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State transportation package fails in House

The House of Representatives' $10 billion transportation package proposal was defeated today, Wednesday, June 26, on a vote of 48-42 in Olympia. The bill received a majority vote but did not reach the constitutionally required number of votes (50) for passage.

House Transportation Chair Judy Clibborn (D-Mercer Island) released the following statement in response to the vote on the transportation revenue package: “I am saddened and disappointed by the failed vote on the transportation revenue package. Our infrastructure is crumbling, our public transportation is faltering, and our economy is struggling – but gridlock remains as much a reality in the legislature as it does on our roads. Transportation has always been an issue supported by both sides of the aisle, but there was little evidence of that history in the votes that were cast today. While there is still time in the session to tackle this critical economic development issue, this package will not move forward unless there is a return to the bipartisanship that transportation used to enjoy.”

The package not only included money for roads and transit, but money for improvements for alternative means of transportation, including the Cascade Bicycle Alliance of Washington.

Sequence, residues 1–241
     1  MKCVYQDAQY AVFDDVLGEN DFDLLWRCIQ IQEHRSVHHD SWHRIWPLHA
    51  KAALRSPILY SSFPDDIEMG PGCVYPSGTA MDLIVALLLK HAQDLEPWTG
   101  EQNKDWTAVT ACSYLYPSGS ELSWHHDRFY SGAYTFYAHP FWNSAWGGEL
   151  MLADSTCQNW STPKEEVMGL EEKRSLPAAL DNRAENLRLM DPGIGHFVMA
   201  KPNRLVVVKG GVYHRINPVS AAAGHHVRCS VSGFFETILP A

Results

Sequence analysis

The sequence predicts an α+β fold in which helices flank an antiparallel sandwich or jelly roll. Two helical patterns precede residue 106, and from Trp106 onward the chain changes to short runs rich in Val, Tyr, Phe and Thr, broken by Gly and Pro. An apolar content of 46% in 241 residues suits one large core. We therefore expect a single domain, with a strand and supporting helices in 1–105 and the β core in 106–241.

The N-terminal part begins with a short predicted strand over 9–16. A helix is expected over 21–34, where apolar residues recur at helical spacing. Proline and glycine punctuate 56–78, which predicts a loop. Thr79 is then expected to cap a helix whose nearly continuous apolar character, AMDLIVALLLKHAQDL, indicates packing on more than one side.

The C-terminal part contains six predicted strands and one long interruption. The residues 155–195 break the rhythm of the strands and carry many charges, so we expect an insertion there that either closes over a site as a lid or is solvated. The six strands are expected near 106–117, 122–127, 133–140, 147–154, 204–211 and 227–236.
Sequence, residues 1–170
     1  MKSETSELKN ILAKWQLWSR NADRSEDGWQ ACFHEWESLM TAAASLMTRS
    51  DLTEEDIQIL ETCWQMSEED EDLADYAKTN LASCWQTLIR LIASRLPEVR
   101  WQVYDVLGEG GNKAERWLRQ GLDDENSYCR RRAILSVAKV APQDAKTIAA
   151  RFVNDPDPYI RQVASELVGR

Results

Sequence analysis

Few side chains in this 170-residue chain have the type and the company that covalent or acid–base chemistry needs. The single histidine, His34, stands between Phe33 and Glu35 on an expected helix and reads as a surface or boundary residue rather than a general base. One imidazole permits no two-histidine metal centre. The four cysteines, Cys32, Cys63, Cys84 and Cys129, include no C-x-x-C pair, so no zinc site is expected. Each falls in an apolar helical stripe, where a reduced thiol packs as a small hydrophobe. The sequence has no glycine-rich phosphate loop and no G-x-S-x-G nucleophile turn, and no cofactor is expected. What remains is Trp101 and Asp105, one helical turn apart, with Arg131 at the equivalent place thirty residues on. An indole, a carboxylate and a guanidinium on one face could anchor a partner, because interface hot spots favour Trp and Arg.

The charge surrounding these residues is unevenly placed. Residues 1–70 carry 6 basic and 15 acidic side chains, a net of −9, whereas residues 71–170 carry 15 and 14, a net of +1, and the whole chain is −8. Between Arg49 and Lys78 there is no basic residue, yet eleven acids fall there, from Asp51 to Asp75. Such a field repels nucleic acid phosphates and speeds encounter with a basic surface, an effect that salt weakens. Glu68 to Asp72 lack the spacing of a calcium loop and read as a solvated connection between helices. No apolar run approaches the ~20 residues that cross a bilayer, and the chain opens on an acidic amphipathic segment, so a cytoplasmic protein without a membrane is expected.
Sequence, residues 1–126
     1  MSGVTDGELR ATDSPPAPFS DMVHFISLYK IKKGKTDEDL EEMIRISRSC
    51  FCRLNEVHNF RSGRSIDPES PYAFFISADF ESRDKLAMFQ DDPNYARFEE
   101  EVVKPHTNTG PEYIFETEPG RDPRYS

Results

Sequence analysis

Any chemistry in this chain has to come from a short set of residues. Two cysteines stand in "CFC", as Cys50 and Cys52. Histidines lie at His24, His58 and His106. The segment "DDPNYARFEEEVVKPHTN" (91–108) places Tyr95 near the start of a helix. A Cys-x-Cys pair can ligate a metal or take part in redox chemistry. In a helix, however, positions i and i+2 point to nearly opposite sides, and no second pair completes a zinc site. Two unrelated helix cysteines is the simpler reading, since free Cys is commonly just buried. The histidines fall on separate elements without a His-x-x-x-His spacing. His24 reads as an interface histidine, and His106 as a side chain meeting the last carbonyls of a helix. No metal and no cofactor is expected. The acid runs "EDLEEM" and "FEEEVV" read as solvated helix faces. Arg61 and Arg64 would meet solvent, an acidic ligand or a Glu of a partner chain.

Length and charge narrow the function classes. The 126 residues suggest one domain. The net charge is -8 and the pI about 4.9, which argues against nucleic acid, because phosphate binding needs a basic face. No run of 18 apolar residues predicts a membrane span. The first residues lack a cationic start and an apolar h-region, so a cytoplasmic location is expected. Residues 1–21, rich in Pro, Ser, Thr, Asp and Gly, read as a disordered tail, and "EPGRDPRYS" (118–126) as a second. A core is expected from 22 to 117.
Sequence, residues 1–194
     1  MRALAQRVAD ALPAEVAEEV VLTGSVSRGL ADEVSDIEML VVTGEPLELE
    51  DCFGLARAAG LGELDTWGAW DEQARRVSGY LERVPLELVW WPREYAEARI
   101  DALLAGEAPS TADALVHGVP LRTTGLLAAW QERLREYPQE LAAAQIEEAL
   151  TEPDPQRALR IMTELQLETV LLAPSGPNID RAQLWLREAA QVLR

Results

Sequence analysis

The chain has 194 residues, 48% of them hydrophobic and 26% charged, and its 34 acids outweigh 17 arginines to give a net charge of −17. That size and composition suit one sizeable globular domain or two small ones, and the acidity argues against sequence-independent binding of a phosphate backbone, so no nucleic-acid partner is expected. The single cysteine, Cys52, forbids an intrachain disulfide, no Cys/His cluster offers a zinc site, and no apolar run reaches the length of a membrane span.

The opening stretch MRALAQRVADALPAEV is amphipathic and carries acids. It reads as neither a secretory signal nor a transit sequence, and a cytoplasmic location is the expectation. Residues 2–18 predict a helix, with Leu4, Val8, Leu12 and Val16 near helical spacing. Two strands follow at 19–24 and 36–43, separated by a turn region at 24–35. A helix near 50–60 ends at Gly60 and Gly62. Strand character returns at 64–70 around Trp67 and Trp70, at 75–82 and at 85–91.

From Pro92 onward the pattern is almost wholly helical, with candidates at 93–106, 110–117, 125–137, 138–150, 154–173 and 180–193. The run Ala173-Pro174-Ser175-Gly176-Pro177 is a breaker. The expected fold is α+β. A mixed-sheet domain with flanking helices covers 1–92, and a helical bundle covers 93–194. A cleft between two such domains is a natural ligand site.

“We remain hopeful that the House will remove for reconsideration. We want to thank Governor Inslee and Representatives Marko Liias, Jessyn Farrell, Joe Fitzgibbon, and Cyrus Habib in particular for their leadership in developing a package that would invest in a transportation system that meets the growing needs of our cities, towns, and most importantly safety for Washington’s kids,” said Bicycle Alliance of Washington executive director Barb Chamberlain in a press release. “We appreciate that Rep. Clibborn was willing to work with them to make the improvements that were needed to plan for our transportation future.”

Chamberlain pointed out that, “At $323 million for biking and walking projects in the proposed package, the state of Washington would have invested $3.90 per Washingtonian per year on bike/walk infrastructure for safer streets and greater connectivity — less than a typical 16-ounce drink at Starbucks and right around the cost of one gallon of gas.”

 

 

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